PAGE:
12 July 2012

 State of the Art Kitchens look wonderful but how useful are they?

Does anyone actually buy these kitchens with the intention of cooking in them? ...  a kitchen is meant to be cooked in, and when the function of a kitchen is superseded and replaced by design fetish, it fails.   
The kitchen is not an art exhibit - it is intended for cooking and eating. It’s that simple.  A well-designed kitchen should be able to visually and functionally accommodate a stack of cookbooks left out on the counter, a bowl of fruit waiting to ripen, the remnants from last night’s cocktails, and son's half-eaten biscuit.  
I'm not suggesting that this allows the inhabitants to simply leave everything out wherever they like. A well-designed kitchen should have a place for everything to be put at the end of the day, but it should also accept the evidence of life.  Now I am not certain that these kitchens wouldn't look just fine with the right cookbook or bowl of fruit, and I am not sure any kitchen looks good with someone's half eaten biscuit. I do imagine that someone could cook in these kitchens perfectly happily.

Embrace weathering.  A kitchen should look different after a decade of being lived in. The handles will patina from repeated use. Certain end-panels may fade a bit from direct sunlight. Wine rings may stain the countertop and remind you of that fantastic dinner party. A weathered kitchen is the sign of a life well-lived.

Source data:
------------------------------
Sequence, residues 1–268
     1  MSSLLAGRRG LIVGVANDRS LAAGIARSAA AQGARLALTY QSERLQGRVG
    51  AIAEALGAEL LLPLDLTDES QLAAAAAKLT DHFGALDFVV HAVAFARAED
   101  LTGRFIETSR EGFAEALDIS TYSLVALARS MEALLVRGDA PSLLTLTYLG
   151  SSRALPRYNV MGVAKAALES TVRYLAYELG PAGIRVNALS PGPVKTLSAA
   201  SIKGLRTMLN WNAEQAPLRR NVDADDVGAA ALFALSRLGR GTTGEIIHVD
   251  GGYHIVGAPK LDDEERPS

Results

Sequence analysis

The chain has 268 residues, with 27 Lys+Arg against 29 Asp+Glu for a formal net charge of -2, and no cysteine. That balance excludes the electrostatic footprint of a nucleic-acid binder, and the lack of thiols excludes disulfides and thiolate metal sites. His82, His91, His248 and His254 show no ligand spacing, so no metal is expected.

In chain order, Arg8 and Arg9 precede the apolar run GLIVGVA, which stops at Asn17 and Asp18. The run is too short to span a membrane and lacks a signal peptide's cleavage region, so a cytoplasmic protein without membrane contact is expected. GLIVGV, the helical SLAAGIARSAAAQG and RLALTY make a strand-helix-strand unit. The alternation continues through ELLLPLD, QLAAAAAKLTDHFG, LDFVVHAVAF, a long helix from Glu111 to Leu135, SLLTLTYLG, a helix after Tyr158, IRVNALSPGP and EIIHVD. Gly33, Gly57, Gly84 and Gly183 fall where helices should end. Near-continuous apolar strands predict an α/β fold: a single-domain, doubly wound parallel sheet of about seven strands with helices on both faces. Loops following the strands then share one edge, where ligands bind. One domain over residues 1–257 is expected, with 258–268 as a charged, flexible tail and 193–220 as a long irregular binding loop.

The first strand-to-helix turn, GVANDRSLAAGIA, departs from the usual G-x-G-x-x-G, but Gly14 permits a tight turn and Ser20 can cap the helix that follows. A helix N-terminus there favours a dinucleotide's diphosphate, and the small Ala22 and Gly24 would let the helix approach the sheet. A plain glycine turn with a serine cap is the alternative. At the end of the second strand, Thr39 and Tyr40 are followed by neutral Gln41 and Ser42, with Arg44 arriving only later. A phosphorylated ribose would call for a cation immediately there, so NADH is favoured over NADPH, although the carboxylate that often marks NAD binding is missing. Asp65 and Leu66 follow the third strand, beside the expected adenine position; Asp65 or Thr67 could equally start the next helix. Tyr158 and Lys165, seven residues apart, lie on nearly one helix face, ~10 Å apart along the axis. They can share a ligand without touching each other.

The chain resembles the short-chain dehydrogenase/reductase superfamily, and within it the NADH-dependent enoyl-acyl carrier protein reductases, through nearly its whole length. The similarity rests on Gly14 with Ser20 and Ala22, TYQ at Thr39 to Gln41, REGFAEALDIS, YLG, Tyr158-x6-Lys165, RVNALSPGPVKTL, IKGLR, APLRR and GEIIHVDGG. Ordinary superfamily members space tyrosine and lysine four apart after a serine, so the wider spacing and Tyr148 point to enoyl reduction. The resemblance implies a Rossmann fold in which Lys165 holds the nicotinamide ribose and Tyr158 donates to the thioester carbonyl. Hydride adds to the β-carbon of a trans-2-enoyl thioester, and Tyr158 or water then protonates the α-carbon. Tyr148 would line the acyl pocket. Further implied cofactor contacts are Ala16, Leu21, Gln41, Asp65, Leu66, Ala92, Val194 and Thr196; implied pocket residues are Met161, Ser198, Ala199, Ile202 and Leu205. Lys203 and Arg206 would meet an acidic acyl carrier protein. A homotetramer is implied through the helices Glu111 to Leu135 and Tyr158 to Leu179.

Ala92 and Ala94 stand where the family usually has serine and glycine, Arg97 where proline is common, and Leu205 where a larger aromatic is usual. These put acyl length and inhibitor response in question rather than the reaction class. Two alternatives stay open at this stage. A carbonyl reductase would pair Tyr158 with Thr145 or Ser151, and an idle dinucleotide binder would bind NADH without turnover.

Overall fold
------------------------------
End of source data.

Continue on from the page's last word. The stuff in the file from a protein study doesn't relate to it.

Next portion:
I am not so sure; I look at the rings on our 15 year old counter and wonder what idiot put a hot pot down there. I look at the finish on the doors and wonder why anyone would put a wood cabinet face under a sink.  
If one was going to build the perfect kitchen you might want it to be made of a material that is easily cleaned, like glass. You would expect it to arrived flat-packed to reduce transport costs. You might make it so that there are no glues, just mechanical connections so that it could be easily taken apart and reassembled in a different form.


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